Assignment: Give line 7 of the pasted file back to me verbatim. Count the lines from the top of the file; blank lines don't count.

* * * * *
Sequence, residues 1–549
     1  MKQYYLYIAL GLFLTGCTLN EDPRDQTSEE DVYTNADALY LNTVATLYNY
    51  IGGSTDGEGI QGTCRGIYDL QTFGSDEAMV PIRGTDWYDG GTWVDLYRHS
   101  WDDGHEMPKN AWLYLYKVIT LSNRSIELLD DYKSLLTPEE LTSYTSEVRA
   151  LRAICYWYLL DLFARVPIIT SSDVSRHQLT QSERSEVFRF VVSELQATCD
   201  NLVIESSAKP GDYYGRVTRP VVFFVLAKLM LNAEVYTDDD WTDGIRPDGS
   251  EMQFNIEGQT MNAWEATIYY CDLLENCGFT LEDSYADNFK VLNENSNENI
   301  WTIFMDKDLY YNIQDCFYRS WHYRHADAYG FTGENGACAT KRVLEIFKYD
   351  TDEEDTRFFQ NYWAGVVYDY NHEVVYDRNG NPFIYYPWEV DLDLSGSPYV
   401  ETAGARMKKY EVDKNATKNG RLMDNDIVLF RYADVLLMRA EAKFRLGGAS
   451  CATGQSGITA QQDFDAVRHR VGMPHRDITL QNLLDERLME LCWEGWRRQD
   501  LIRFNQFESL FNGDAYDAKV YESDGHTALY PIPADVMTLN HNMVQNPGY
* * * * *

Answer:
   251  EMQFNIEGQT MNAWEATIYY CDLLENCGFT LEDSYADNFK VLNENSNENI